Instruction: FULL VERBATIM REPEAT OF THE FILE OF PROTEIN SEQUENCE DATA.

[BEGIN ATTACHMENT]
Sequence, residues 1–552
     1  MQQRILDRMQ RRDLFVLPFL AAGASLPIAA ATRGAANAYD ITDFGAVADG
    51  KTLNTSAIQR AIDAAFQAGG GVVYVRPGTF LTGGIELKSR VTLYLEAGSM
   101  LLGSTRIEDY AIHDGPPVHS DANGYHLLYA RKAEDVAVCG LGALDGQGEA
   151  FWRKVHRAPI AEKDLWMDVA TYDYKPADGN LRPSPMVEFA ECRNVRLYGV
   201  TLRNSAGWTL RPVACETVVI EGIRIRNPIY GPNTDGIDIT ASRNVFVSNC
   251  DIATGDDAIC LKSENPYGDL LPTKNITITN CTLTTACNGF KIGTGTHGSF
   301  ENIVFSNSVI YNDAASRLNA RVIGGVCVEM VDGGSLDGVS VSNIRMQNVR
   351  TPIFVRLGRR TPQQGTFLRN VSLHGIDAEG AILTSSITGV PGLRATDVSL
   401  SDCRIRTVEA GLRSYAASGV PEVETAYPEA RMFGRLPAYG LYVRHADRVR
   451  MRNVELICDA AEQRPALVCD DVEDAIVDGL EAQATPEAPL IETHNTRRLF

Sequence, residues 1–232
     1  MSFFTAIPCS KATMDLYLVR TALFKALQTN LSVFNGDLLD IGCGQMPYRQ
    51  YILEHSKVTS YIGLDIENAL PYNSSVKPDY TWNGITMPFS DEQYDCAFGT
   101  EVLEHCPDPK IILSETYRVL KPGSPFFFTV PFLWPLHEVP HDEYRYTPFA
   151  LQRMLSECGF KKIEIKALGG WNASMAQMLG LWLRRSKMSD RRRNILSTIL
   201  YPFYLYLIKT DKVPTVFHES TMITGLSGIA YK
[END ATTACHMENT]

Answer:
Sequence, residues 1–552
     1  MQQRILDRMQ RRDLFVLPFL AAGASLPIAA ATRGAANAYD ITDFGAVADG
    51  KTLNTSAIQR AIDAAFQAGG GVVYVRPGTF LTGGIELKSR VTLYLEAGSM
   101  LLGSTRIEDY AIHDGPPVHS DANGYHLLYA RKAEDVAVCG LGALDGQGEA
   151  FWRKVHRAPI AEKDLWMDVA TYDYKPADGN LRPSPMVEFA ECRNVRLYGV
   201  TLRNSAGWTL RPVACETVVI EGIRIRNPIY GPNTDGIDIT ASRNVFVSNC
   251  DIATGDDAIC LKSENPYGDL LPTKNITITN CTLTTACNGF KIGTGTHGSF
   301  ENIVFSNSVI YNDAASRLNA RVIGGVCVEM VDGGSLDGVS VSNIRMQNVR
   351  TPIFVRLGRR TPQQGTFLRN VSLHGIDAEG AILTSSITGV PGLRATDVSL
   401  SDCRIRTVEA GLRSYAASGV PEVETAYPEA RMFGRLPAYG LYVRHADRVR
   451  MRNVELICDA AEQRPALVCD DVEDAIVDGL EAQATPEAPL IETHNTRRLF

Sequence, residues 1–232
     1  MSFFTAIPCS KATMDLYLVR TALFKALQTN LSVFNGDLLD IGCGQMPYRQ
    51  YILEHSKVTS YIGLDIENAL PYNSSVKPDY TWNGITMPFS DEQYDCAFGT
   101  EVLEHCPDPK IILSETYRVL KPGSPFFFTV PFLWPLHEVP HDEYRYTPFA
   151  LQRMLSECGF KKIEIKALGG WNASMAQMLG LWLRRSKMSD RRRNILSTIL
   201  YPFYLYLIKT DKVPTVFHES TMITGLSGIA YK